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Am J Epidemiol. 1989 Jul;130(1):112-21.

Obesity and heredity in the etiology of non-insulin-dependent diabetes mellitus in 32,662 adult white women.

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Division of Biostatistics and Clinical Epidemiology, Medical College of Wisconsin, Milwaukee 53226.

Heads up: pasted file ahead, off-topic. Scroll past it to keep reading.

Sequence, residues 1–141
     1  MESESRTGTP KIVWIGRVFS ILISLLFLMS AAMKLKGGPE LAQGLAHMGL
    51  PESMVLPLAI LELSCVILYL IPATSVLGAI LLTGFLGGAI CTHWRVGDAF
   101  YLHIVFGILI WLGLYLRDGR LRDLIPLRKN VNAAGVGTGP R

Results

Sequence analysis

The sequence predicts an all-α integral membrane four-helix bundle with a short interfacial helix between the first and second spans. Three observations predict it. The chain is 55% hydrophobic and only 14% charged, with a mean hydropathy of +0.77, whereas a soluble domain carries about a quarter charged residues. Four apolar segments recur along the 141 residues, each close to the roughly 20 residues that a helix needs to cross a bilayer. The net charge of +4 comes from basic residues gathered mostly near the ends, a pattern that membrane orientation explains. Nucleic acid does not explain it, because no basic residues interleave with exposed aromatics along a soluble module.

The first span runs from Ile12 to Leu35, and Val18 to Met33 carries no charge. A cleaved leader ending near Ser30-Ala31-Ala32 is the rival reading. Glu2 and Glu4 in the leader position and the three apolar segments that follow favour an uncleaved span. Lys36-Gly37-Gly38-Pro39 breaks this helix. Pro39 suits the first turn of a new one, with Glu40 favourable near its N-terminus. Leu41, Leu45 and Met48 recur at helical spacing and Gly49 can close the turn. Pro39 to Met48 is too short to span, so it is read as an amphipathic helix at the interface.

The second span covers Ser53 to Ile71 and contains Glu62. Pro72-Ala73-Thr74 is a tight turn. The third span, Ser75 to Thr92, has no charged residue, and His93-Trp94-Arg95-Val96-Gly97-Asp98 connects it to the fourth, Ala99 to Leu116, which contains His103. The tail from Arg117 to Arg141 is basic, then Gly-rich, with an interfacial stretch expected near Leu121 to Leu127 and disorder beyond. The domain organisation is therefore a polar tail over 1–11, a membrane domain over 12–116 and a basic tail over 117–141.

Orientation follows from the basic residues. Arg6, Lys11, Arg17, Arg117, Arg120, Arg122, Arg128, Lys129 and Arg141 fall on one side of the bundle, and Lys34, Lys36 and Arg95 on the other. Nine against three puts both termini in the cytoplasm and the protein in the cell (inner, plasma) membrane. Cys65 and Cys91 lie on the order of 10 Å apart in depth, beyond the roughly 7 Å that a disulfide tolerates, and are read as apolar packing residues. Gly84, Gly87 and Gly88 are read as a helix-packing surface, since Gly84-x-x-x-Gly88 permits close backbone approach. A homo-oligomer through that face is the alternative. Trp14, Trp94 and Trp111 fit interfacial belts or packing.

Obesity and family history of non-insulin-dependent diabetes mellitus were examined in a cross-sectional study of 32,662 white women in the United States and Canada who were members of the TOPS (Take Off Pounds Sensibly) Club, Inc., with respect to the association between these two factors and the prevalence of diabetes by using questionnaire data originally collected in 1969. A family history index based upon the reported presence of diabetes among siblings, parents, and grandparents was used to grade hereditary factors on a scale of zero to five. The ratio of actual to ideal weight was used to categorize levels of obesity. The prevalence of diabetes increased consistently with increasing levels of either obesity or family history. The two factors appear to present independent risks for diabetes. Among women with no family history of diabetes, the odds ratio for diabetes associated with a weight 75 per cent or more above ideal in comparison with a weight less than 10 per cent above ideal was 7.2. Among women who were less than 10 per cent above ideal weight for their height, a comparison between women with a family history index of 1.5 or greater and women with no family history of the disease showed an odds ratio for diabetes of 6.0. Women with both risk factors (family history index of 1.5 or greater and relative weight of 1.75 or greater) had an overall odds ratio for diabetes of 22.8 when compared with women who had no family history of diabetes and a weight less than 10 per cent above ideal. Further analysis showed the combination of these factors to have a positive synergistic effect. The interaction follows a multiplicative pattern.

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